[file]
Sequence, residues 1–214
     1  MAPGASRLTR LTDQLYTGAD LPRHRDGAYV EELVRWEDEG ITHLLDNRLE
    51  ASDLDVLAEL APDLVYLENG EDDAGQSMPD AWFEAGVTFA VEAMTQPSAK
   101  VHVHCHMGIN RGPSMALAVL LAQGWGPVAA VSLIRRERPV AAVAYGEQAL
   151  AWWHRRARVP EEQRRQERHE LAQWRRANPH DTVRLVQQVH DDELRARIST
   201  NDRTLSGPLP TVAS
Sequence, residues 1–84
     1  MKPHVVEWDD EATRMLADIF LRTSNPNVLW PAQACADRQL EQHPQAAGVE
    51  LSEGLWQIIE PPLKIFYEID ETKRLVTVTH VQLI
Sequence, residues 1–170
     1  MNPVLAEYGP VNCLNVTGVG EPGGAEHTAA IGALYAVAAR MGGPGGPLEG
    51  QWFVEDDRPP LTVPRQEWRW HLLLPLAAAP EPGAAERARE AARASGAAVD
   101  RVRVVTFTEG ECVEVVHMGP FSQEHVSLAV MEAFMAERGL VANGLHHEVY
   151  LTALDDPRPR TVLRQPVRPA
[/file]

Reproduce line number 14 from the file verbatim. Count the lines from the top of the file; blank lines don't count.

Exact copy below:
   151  LTALDDPRPR TVLRQPVRPA